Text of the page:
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Rheumatology (Oxford). 2005 Aug;44(8):995-1001. Epub 2005 Apr 12.

Outcome following onset of juvenile idiopathic inflammatory arthritis: I. frequency of different outcomes.

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  • 1Arthritis Research Campaign Epidemiology Unit, School of Epidemiology and Health Sciences, University of Manchester Medical School, Manchester M13 9PT, UK.



To determine the outcome, following the onset of juvenile idiopathic inflammatory arthritis, in terms of remission of disease activity, loss of function and structural damage based on a review of the available published data.


Electronic databases were searched for major studies publishing outcome data in the past 10 yr in juvenile idiopathic arthritis, juvenile rheumatoid arthritis and juvenile chronic arthritis, and 21 studies were selected. The proportions of children in the different categories of the outcomes of interest are described. Data were stratified where possible by disease subtype.


There were major differences between the studies reviewed in terms of study design, case selection and the results obtained. In general, children with systemic- or polyarticular-onset disease were much less likely to go into remission than those with oligoarticular onset, although the remission rates in the latter group ranged from 36 to 84%. Several different approaches were used to assess functional outcome but the pattern of results between the different subgroups was the same as with remission. Similarly, children with polyarticular disease in all the cohorts reviewed were substantially more likely to have erosive radiological damage on follow-up. The rates of individual outcomes, even within a subgroup, varied considerably between studies and this does not appear to be explained solely by differences in methodology.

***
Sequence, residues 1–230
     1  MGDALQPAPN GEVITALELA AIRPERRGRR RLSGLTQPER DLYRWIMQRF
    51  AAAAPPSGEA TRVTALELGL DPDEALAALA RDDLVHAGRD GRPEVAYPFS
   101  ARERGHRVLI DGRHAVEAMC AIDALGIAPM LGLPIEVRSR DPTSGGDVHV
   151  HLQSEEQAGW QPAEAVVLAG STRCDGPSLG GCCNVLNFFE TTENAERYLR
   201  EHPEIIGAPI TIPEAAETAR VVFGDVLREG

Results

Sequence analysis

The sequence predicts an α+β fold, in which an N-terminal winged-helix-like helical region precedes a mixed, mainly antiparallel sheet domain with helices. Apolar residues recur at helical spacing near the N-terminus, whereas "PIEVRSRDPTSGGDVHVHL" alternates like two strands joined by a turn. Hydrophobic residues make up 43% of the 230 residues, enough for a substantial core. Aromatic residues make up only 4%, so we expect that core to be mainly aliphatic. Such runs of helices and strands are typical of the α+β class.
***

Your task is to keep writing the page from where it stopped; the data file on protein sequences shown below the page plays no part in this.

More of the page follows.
There remains a considerable lack of clarity in the prognosis following onset of juvenile idiopathic arthritis for the major outcomes considered, although those with oligoarthritis at presentation have the best outcome. The ability to offer accurate prognosis is particularly important to both reassure parents and guide treatment at disease onset. To achieve this, large definitive prospective studies will be required.

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